When Ziggy Shipper was 13, the Nazis forced him onto a train in the Lodz Jewish Ghetto bound for Auschwitz-Birkenau. In hideously camped, cold, dehydrated conditions, Ziggy’s journey was made even more uncomfortable by a fully grown man who was crushing him. Only when the train stopped did Ziggy become aware that it was a corpse. His first emotion, however, when the body was thrown off the train, was not one of horror that the man had died, but of relief – of joy, even – that he could breathe again.
It was an experience that has haunted Ziggy ever since: incredulity and horror at how his own humanity had been broken down to such an extent.
This story, and many, many others, formed the backbone of Ziggy’s testimony for decades as he travelled the country in which he had settled after the war, Britain, giving his personal testimony in schools.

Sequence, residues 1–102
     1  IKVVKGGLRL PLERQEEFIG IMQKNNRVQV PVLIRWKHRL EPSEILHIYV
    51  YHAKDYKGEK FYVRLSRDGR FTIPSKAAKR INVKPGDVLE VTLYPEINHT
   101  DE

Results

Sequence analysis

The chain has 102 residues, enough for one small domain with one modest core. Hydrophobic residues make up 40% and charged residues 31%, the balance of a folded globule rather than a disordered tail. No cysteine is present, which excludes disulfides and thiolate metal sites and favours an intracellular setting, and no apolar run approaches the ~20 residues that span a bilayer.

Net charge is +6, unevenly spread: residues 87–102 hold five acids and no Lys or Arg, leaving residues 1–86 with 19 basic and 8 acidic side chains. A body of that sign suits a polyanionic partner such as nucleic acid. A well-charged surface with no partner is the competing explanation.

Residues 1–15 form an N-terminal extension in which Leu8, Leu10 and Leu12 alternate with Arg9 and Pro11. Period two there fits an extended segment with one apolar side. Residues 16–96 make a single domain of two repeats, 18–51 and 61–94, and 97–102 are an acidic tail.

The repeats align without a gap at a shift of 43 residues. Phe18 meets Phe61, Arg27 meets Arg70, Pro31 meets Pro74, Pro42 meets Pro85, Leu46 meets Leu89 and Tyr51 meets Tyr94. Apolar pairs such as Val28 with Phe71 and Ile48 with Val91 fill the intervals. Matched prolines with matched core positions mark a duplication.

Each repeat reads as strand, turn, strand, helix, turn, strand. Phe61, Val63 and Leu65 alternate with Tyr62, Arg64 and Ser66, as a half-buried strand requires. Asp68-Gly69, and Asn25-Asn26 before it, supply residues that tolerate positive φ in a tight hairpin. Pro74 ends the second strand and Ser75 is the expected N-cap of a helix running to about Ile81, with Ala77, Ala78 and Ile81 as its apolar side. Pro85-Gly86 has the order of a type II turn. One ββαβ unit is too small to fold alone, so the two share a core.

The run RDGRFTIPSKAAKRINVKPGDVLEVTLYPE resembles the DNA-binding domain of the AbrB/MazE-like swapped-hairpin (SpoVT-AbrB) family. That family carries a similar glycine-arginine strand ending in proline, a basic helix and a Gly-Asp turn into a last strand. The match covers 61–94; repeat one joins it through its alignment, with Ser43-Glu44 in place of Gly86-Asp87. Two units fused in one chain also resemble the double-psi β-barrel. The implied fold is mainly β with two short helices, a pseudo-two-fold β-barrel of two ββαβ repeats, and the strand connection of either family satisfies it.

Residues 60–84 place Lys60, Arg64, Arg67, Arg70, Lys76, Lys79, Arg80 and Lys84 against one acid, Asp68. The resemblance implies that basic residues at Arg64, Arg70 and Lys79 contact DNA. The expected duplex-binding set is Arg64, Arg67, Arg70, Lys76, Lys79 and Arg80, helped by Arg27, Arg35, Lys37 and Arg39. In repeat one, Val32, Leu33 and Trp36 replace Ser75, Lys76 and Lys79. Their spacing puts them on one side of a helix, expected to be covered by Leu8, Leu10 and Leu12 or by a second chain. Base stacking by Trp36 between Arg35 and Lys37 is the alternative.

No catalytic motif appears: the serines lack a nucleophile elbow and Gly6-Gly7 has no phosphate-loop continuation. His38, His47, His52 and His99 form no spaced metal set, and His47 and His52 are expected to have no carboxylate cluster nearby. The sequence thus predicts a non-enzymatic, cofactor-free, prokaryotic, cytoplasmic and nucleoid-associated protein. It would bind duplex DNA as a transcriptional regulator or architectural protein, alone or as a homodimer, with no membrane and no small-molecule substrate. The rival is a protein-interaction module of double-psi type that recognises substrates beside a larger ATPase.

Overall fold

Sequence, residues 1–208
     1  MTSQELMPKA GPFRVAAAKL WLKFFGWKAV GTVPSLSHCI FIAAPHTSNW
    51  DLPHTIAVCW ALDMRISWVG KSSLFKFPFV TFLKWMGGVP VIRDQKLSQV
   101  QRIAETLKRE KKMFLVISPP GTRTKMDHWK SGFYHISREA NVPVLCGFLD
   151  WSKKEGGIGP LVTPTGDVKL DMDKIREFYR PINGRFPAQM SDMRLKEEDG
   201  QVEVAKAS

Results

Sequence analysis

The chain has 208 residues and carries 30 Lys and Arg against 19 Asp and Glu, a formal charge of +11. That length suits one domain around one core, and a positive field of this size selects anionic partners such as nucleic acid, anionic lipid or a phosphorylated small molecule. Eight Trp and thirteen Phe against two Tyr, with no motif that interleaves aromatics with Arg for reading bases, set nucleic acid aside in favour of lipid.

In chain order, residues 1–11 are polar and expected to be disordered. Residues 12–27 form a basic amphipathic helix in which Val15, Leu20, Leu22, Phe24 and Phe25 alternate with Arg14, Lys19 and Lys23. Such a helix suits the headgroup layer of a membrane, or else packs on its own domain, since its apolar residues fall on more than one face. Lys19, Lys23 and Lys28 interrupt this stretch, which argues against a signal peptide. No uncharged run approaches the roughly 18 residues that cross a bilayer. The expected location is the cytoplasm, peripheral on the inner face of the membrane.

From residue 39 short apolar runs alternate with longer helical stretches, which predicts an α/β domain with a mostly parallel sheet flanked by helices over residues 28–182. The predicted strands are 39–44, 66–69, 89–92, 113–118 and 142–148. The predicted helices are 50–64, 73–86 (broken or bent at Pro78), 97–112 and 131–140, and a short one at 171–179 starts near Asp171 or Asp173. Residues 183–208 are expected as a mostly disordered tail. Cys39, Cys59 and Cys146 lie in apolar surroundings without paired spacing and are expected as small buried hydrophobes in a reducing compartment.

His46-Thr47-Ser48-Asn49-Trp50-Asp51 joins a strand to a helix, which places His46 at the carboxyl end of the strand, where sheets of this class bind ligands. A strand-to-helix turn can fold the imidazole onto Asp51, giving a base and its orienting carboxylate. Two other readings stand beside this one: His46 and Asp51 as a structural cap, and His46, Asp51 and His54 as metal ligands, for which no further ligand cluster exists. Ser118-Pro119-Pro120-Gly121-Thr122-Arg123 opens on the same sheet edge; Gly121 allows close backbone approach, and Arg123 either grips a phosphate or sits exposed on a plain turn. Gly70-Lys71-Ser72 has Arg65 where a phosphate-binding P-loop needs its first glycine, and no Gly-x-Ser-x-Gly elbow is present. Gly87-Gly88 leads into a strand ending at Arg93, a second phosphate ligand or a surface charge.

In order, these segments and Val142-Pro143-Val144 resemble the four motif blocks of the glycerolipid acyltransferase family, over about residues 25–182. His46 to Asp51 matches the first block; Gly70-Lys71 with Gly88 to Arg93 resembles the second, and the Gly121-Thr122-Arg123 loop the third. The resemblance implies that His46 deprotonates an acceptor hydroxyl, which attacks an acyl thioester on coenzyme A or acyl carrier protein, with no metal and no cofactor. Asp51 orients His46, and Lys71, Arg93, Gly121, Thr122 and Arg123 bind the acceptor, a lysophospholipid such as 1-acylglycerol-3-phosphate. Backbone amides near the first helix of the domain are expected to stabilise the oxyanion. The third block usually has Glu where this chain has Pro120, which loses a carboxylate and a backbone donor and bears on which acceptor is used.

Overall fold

However, Ziggy’s very personal mission to provide vital first-person evidence to teenagers as they learned about the horror of the Holocaust came to a very sudden stop at the beginning of last year because of Covid-19. That was the case for the other survivors who undertake such valuable work.
We can hope that this hiatus will be ended as soon as the country begins to get back to normal. But the fact of the matter is that the day is not too far away when in-person visits such as Ziggy’s become a thing of the past, pandemic or no pandemic.
This sad inevitability will change forever how we approach Holocaust education, but in equal measure it cannot change the importance of testimony to the work that we do. As the Holocaust drifts into history, we cannot allow it to become subject to the same kind of debate, speculation and supposition as other events that are no longer part of lived memory.